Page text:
Syria used chemical weapons attack

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The Syrian Air Force used chlorine in an attack in the city of Saraqeb in 2018, the Organization for the Prohibition of Chemical Weapons (OPCW) announced on Monday after an investigation.

This is the second report of the OPCW’s Identification and Investigation Team (IIT), which now has the power to identify the perpetrator of a chemical attack.

The ITT “concluded that units of the Syrian Arab Air Force used chemical weapons on February 4, 2018 in Saraqeb”, some 50 kilometers south of Aleppo, the organization based in Aleppo said. The Hague in a press release.

The report establishes “that there are reasonable grounds to believe” that a military helicopter of the Syrian Air Force “struck the east of Saraqeb by dropping at least one cylinder”.

“The cylinder ruptured and released chlorine over a large area, affecting 12 people,” the report said.

OPCW investigators interviewed 30 witnesses, analyzed samples taken at the scene, examined symptoms reported by victims and medical staff, as well as satellite images in order to reach their conclusions.

Symptoms “included shortness of breath, skin irritation, chest pain and cough,” according to the report.

Investigators said they “regret” that the Syrian regime denied them access to the very site of the attack, despite repeated requests.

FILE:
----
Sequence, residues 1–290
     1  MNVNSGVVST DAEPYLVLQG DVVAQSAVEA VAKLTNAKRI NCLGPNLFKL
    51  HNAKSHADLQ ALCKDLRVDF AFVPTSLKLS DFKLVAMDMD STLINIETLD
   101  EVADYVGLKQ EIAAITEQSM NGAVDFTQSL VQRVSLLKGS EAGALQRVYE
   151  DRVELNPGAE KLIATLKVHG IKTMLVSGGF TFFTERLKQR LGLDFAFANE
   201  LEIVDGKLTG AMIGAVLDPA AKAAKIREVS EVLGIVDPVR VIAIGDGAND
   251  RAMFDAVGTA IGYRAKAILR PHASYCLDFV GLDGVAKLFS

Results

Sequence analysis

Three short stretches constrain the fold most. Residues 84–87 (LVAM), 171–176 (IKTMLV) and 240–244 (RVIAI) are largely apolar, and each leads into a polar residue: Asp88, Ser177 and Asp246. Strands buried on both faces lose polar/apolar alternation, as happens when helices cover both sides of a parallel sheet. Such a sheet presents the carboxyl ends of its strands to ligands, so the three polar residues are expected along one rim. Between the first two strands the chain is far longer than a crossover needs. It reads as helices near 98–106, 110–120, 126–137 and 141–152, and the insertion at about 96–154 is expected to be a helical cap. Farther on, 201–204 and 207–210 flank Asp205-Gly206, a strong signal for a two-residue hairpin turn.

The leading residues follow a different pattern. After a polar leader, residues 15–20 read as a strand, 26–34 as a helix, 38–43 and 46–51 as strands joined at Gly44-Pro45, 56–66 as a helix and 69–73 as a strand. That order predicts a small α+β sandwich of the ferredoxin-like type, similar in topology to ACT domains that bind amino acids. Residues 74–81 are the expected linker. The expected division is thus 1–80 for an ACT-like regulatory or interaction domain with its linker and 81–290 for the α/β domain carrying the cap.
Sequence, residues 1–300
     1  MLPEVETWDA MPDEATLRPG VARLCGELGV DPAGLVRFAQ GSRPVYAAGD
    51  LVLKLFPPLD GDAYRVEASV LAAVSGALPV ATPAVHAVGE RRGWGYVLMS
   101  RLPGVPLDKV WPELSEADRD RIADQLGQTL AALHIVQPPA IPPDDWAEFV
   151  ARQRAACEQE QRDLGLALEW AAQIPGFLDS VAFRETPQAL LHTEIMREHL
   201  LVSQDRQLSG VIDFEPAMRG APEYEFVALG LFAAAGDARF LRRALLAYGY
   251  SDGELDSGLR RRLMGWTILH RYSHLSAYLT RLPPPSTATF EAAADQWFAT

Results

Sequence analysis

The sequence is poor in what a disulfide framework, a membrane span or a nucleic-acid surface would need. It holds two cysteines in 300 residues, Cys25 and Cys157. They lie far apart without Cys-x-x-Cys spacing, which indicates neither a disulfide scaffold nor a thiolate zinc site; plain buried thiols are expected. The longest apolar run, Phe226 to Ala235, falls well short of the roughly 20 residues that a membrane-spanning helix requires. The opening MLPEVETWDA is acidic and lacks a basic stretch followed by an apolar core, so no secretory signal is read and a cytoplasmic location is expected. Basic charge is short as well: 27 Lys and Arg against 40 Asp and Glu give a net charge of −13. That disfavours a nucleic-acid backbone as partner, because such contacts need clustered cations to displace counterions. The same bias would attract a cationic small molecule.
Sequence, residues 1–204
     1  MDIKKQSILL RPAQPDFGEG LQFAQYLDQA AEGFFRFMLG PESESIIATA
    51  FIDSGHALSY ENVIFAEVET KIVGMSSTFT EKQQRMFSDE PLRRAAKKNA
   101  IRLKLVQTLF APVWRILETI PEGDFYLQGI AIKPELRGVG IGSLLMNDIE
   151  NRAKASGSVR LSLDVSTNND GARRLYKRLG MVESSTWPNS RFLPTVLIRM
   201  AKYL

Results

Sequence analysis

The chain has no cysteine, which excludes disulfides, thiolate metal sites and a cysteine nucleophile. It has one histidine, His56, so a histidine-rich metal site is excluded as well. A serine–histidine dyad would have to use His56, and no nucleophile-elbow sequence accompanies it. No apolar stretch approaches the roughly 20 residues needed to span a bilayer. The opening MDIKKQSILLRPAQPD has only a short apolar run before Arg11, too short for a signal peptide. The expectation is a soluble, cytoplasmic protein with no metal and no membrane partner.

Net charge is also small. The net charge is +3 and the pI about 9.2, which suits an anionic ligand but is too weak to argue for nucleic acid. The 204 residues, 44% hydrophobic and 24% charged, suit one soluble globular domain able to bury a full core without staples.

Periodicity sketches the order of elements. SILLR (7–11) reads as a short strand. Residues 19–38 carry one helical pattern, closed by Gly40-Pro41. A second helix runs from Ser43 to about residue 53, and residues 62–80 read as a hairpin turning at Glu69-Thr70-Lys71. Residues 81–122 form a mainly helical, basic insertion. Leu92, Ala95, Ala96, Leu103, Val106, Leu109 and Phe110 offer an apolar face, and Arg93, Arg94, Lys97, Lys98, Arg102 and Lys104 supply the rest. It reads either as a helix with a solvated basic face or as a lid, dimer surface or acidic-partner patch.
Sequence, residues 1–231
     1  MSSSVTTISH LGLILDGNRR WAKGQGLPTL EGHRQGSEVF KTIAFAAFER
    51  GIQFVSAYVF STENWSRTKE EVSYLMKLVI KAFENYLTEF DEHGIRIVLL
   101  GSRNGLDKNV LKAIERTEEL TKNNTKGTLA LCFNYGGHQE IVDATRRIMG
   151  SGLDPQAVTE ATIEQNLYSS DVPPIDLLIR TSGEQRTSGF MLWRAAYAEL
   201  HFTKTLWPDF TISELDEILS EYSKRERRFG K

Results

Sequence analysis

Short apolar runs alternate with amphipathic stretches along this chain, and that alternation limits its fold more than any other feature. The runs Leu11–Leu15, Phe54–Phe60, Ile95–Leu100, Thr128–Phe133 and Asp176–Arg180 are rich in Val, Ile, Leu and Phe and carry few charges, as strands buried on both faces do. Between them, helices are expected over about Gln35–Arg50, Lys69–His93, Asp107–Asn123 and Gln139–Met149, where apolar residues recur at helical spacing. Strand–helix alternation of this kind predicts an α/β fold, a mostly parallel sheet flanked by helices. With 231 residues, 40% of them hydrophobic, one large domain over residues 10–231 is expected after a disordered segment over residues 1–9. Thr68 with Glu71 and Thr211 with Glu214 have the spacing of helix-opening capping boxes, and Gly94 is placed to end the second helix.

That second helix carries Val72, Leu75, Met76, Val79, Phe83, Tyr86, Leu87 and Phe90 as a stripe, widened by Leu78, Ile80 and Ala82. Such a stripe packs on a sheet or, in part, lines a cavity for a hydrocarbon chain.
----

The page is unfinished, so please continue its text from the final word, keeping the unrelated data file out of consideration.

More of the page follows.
The ITT published its first report a year ago, in which it established that Bashar al-Assad’s air force dropped bombs containing sarin and chlorine in 2017 in Latamne, in the north. of Syria, thus violating the Chemical Weapons Convention.

“Required orders”

Despite strong objections from Syria and its allies, including Moscow, a majority of the 193 OPCW member states in 2018 authorized the organization to designate the perpetrator of a chemical attack and no longer just to document the use of such a weapon.

The Syrian government has consistently denied any involvement in chemical attacks, claiming to have put all of its chemical weapons stockpiles under international supervision under an agreement reached in 2013.

OPCW investigators said the orders leading to the attack on Saraqeb in 2018 must have come from senior officials, and that there was no indication that “lone elements or individuals” were involved. ‘origin.

“The IIT has obtained information from various sources suggesting that in order for chemical weapons to be used in the manner described above, orders would be required,” the full report explains.

Although there is no “specific chain of command” identified, the Syrian military general command seems to have “delegated decisions on the use of chlorine to commanders at the operational level”, add the investigators.

OPCW member states will vote later this month on whether to impose sanctions on Syria, which could see its right to vote in the organization suspended if the country does not take action.

The OPCW had previously urged Syria to declare all remaining chemical weapons it has, including sarin and chlorine, with Western powers expressing concern that Damascus has not destroyed all of them.

The organization’s chief executive, Fernando Arias, said in March that there were still gaps and inconsistencies in the reports Syria sent to the OPCW.

According to the UN, Damascus has still not answered 19 questions asked over the years about facilities that could have been used in the production or stockpiling of chemical weapons.